Pubdate: Wed, 25 Oct 2017
Source: National Post (Canada)
Copyright: 2017 Canwest Publishing Inc.
Author: Jorge Araya
Page: FP9


For nearly a century, the marijuana industry in Canada has been left
to the black market. This has enriched criminal organizations,
promoted violence in communities and done little to prevent youth
access to the drug. Today, the federal government is seeking to
redress this issue and, by legalizing marijuana, it intends to shift
it from the hands of criminals and into a more responsible

The policy's success will largely depend on the regulatory details,
which will govern aspects of sale ranging from taxation to packaging
and promotion.

If the government is serious about keeping criminals out of future
marijuana sales, it must ensure pricing is competitive, that consumers
can identify legal brands versus illegal supply, and that access is

After all, why would consumers buy from a l egal source if the price
is considerably higher, if they cannot identify trustworthy brands, or
if the legal products do not satisfy their preferences?

To this point, indications seem encouraging that the federal
government's approach is informed, pragmatic and reasonable. While
this is good news, it also highlights a glaring inconsistency between
the government's approach to marijuana versus tobacco.

Canada faces a very serious problem with illegal tobacco: According to
the RCMP, contraband tobacco is a multi-billion-dollar industry run
by sophisticated organized crime groups. Nearly a quarter of the
tobacco consumed in t his country is illegal; our governments are
deprived of more than $ 2 billion in lost tax revenues each year, and
legitimate retailers are pushed out of business.

While the government is rightly concerned with ensuring the
competitiveness of the legal marijuana industry, its tobacco control
policies provide advantages to the contraband industry. Let us examine
some of the most blatant examples of contradictory policies: Finance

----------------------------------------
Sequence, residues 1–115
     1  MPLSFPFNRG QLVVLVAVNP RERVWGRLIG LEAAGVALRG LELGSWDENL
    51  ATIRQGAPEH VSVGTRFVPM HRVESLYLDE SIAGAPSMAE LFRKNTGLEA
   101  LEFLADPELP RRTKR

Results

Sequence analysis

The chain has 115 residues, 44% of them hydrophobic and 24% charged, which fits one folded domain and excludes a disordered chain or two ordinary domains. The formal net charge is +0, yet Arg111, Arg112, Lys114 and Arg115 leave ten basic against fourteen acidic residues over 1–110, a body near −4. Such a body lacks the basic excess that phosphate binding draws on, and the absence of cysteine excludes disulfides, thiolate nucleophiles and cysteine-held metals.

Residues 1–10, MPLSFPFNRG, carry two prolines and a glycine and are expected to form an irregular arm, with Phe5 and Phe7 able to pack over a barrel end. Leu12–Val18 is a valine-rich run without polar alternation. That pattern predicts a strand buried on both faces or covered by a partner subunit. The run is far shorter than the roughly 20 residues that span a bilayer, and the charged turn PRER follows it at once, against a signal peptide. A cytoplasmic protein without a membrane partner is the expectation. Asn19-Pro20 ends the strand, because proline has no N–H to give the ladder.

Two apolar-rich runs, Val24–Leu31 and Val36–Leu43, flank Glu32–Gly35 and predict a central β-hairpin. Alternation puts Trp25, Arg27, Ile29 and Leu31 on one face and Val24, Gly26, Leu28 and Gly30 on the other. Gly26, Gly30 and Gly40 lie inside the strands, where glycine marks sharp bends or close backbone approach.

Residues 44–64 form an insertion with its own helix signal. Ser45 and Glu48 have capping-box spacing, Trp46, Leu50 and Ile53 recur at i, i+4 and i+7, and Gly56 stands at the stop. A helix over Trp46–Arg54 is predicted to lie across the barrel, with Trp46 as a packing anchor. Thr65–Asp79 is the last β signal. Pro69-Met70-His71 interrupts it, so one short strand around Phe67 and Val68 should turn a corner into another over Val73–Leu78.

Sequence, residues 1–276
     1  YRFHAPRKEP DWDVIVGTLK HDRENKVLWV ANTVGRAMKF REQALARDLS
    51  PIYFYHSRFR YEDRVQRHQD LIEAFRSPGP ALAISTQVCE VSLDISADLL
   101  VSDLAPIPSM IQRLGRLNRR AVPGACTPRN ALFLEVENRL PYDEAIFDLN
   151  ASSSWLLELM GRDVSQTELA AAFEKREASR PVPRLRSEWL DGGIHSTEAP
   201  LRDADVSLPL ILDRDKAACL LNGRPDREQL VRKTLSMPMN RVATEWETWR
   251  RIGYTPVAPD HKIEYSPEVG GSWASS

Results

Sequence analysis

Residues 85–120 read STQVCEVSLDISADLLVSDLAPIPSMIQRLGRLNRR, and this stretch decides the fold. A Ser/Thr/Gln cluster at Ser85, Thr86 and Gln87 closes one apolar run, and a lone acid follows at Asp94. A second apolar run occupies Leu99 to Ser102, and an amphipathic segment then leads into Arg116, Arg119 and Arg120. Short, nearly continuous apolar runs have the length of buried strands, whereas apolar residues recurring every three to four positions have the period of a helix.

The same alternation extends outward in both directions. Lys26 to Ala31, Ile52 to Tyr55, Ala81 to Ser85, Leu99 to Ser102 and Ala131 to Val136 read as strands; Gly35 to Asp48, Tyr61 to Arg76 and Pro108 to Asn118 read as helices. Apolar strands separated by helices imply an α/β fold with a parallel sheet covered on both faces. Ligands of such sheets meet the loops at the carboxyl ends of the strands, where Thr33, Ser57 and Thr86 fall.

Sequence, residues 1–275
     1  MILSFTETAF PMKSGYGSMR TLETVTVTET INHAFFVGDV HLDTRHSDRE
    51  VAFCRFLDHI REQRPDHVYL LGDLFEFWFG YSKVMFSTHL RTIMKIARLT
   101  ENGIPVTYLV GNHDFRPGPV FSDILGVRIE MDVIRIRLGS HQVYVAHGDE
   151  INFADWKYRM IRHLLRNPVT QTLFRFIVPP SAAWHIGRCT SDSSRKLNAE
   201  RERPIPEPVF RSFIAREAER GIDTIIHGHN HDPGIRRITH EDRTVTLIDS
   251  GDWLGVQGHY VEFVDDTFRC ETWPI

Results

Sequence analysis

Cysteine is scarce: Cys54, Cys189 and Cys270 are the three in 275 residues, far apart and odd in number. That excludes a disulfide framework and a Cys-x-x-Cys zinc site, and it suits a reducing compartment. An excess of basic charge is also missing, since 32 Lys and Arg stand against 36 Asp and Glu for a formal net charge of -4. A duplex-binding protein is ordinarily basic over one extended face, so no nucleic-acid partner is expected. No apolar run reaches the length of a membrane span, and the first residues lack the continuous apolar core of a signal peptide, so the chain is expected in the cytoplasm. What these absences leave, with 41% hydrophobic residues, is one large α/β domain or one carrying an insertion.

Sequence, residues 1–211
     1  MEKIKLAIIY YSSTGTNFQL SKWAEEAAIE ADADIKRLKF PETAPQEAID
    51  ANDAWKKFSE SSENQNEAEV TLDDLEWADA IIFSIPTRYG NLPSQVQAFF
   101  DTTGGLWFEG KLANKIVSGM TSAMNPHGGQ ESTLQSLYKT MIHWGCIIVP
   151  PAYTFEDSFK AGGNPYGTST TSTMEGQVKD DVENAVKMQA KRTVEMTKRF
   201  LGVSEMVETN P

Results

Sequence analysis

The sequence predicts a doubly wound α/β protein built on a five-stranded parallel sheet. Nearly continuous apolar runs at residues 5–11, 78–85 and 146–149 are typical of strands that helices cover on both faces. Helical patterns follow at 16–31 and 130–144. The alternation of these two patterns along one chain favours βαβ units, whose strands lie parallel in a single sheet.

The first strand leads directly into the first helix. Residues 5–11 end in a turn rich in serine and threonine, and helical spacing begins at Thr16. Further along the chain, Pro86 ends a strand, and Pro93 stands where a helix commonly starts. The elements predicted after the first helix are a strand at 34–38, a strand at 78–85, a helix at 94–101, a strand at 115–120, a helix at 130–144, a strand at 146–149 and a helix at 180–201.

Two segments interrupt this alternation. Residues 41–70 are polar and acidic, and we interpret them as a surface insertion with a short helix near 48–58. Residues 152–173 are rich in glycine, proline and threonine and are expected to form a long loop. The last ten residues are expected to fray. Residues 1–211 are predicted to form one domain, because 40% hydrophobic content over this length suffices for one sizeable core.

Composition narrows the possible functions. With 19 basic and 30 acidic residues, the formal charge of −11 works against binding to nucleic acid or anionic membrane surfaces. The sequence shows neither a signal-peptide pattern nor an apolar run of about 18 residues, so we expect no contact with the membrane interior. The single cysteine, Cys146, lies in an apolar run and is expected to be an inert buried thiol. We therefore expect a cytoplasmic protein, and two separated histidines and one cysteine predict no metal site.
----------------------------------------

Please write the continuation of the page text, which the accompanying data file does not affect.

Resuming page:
Minister Bill Morneau has stated that "we want to keep criminal
elements out, and keep cannabis out of the hands of children … this
will mean keeping taxes low."

Meanwhile, tobacco taxes account f or 70 per cent of the price of
cigarettes, which allow criminals to sell illegal tobacco at a small
fraction of the cost of legal products. The government's marijuana
bill appears to allow for on-package branding, so long as it does not
appeal directly to youth.

Meanwhile, 75 per cent of a package of cigarettes i s already occupied
by a graphic health warning, and the government is in the process of
removing all remaining branding ( including colours, logos, different
fonts and trademarks) from tobacco packaging.

The government plans to allow a variety of formats for marijuana
products, including edibles ( e. g., baked goods and gummy bears) and
multiple flavours.

Meanwhile, nearly all flavoured tobacco products are already banned,
and the government plans to standardize the shape, size and appearance
of cigarettes, which will make it virtually impossible to
differentiate legal from illegal products.

The government has made no indication the advertisement and promotion
of marijuanaproducts will be banned, and public figures like The
Tragically Hip and Trailer Park Boys have already been signed as
marijuana brand ambassadors. Meanwhile, nearly all forms of marketing,
advertisement and sponsorship of tobacco products are banned.

The government i s no doubt serious in its intent to responsibly
regulate access to a risky product like marijuana, and reduce access
to youth. After all, regular youth marijuana use in Canada is nearly
six times greater than regular youth tobacco use. If its marijuana
policies are sufficient to protect youth from product risks, as well
as curtail the illegal industry, why are they not adequate for tobacco?

In an age of progressive policies, the same principles used by our
government to oversee their approach to marijuana should also be
applied to tobacco. Additional consumers will not be tempted by the
black market, taxpayers will be better off, and only the criminals
will complain.

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Jorge Araya is president and CEO of Imperial Tobacco Canada.
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